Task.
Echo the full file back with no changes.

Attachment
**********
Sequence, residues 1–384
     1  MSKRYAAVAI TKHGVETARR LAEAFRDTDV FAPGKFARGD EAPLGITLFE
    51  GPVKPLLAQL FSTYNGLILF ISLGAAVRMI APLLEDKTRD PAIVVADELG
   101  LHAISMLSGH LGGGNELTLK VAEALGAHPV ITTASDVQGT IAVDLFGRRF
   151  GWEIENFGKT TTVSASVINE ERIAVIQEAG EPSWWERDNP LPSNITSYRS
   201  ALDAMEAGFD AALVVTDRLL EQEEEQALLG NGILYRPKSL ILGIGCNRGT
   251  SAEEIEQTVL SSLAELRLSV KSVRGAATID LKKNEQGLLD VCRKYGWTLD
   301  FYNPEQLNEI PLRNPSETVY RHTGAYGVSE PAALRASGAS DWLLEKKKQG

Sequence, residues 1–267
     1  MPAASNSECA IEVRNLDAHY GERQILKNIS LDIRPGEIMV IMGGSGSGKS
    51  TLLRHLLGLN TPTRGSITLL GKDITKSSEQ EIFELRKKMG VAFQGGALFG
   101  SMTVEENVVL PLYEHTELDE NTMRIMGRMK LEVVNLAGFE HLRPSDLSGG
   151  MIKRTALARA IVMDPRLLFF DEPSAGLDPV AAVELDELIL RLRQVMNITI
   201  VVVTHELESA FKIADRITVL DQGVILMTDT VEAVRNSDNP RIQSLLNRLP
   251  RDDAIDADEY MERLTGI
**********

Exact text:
Sequence, residues 1–384
     1  MSKRYAAVAI TKHGVETARR LAEAFRDTDV FAPGKFARGD EAPLGITLFE
    51  GPVKPLLAQL FSTYNGLILF ISLGAAVRMI APLLEDKTRD PAIVVADELG
   101  LHAISMLSGH LGGGNELTLK VAEALGAHPV ITTASDVQGT IAVDLFGRRF
   151  GWEIENFGKT TTVSASVINE ERIAVIQEAG EPSWWERDNP LPSNITSYRS
   201  ALDAMEAGFD AALVVTDRLL EQEEEQALLG NGILYRPKSL ILGIGCNRGT
   251  SAEEIEQTVL SSLAELRLSV KSVRGAATID LKKNEQGLLD VCRKYGWTLD
   301  FYNPEQLNEI PLRNPSETVY RHTGAYGVSE PAALRASGAS DWLLEKKKQG

Sequence, residues 1–267
     1  MPAASNSECA IEVRNLDAHY GERQILKNIS LDIRPGEIMV IMGGSGSGKS
    51  TLLRHLLGLN TPTRGSITLL GKDITKSSEQ EIFELRKKMG VAFQGGALFG
   101  SMTVEENVVL PLYEHTELDE NTMRIMGRMK LEVVNLAGFE HLRPSDLSGG
   151  MIKRTALARA IVMDPRLLFF DEPSAGLDPV AAVELDELIL RLRQVMNITI
   201  VVVTHELESA FKIADRITVL DQGVILMTDT VEAVRNSDNP RIQSLLNRLP
   251  RDDAIDADEY MERLTGI